I decided that morning to look out of the train instead of indulging in my favourite train-past-time – to imagine the life of any commuter who attracted my attention for the next half an hour. I chose that day to not look at my fellow commuters as if I was guilty of an offence which was yet not clear to me – perhaps because I was a man who held beliefs quite different to them and who yet had no qualms whatsoever to enjoy a life which their society had to offer. And therefore, I looked out… and on every platform that we passed there was this latest advertising campaign for a new product that said… ‘What would you ask God – if there was at all a God…’ or something to this effect…

I had observed a strange phenomenon in the last few years. Although not a rule as such, but I had found that the hearts of those who prayed five times a day and mentioned God and prophet at every opportunity were cold and dead. They were harsh and passed judgments at the drop of a hat and were unwilling to give a margin of doubt. It seemed as if they already felt blessed having supposedly fulfilled their obligations to God which somehow accorded them a superior status and made others inferior – as if they had a license to impose their judgements on others. As if they were the viceroys of God on earth and had to punish the lesser mortals.

People like Mrs Krammer seemed to have missed this grand opportunity to be pious and hence self-righteous. They helped mankind because their heart bled for the sufferings of others. They were perhaps aware of their own fallibility as much as of others – and their self-worth depended on their going beyond the call of duty. They beamed and felt pride when they saw that people they had helped were now coping well…

‘A religion is judged by the character of its followers,’ someone said to me once… ‘No,’ I replied. ‘It is not true. Religious practices are suppose to inculcate humanity and piousness and not the other way around. The practice of fasting amongst other benefits, is also suppose to bring awareness of the hungry and the desolate, it does not mean killing innocent people while on fast or planting bombs to kill innocent people. It is a matter of interpretation which is a problem here.’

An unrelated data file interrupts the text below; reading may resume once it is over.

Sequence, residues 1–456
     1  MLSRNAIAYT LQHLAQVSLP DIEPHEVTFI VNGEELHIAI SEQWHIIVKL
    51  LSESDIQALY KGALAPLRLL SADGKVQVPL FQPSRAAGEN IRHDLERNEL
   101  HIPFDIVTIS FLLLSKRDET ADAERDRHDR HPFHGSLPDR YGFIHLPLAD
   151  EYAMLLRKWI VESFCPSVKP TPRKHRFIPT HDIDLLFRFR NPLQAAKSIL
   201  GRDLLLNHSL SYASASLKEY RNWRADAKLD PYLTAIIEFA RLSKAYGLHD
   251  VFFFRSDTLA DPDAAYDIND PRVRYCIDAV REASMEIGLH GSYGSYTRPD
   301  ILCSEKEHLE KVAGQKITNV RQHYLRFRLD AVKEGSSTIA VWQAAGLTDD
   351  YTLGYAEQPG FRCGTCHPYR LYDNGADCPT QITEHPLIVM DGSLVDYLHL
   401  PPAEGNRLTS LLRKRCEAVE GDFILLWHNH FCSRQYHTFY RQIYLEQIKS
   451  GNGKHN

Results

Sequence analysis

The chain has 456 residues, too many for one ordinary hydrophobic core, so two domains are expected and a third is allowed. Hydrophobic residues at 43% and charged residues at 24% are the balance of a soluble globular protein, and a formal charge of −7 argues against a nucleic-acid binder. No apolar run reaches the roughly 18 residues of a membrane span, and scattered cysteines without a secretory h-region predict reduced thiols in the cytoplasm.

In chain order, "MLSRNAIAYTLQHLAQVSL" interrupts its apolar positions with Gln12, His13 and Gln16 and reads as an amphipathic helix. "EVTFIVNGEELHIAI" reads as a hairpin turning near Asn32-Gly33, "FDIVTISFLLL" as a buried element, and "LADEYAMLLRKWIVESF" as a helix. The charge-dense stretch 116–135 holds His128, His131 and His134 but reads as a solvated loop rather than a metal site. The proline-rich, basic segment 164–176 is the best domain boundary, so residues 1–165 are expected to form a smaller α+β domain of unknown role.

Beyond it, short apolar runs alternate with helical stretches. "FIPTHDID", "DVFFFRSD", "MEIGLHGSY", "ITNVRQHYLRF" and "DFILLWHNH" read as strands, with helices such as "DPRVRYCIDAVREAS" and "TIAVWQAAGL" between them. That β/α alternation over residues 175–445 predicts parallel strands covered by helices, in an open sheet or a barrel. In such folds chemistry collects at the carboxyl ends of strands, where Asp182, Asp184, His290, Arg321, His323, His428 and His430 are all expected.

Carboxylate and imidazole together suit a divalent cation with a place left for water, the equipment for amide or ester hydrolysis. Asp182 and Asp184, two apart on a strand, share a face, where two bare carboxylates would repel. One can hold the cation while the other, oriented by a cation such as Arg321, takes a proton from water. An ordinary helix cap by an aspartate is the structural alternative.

‘And look at it from another angle,’ I said. ‘It is not as if Islam has landed ten years before 9-11. It has been there for centuries. And if killing innocent people was salvation then the world has a problem. It is coming to an end. It would be hard to stop billions from performing their sacred duty. Surely, the reasons lie somewhere else…’

And therefore this morning also, I looked at the reasons in the train, I checked my mail and again saw the pictures of devastation, the mutilated bodies, the images of children with amputated limbs that reach my e-mail every morning. The consequence of the American bombs dropping in Afghanistan and now Pakistan…

Three years ago, I had joined English Pen, an organisation that protects the rights of writers and thinkers all over the world. My objective was to learn what I did not know. The Pen (English Chapter) events that I frequently attended in my first two years provided me with my initial lessons towards freedom of speech and thought – and it was a delightful experience indeed after having lived in a society where an uncomfortable uttering could cost one his life. And, I could imagine, this time with sorrow, what my country could have been if the silent majority had been allowed a voice as well… I knew I would not have had to come here to live in that case… I would, rather, I could, have stayed home…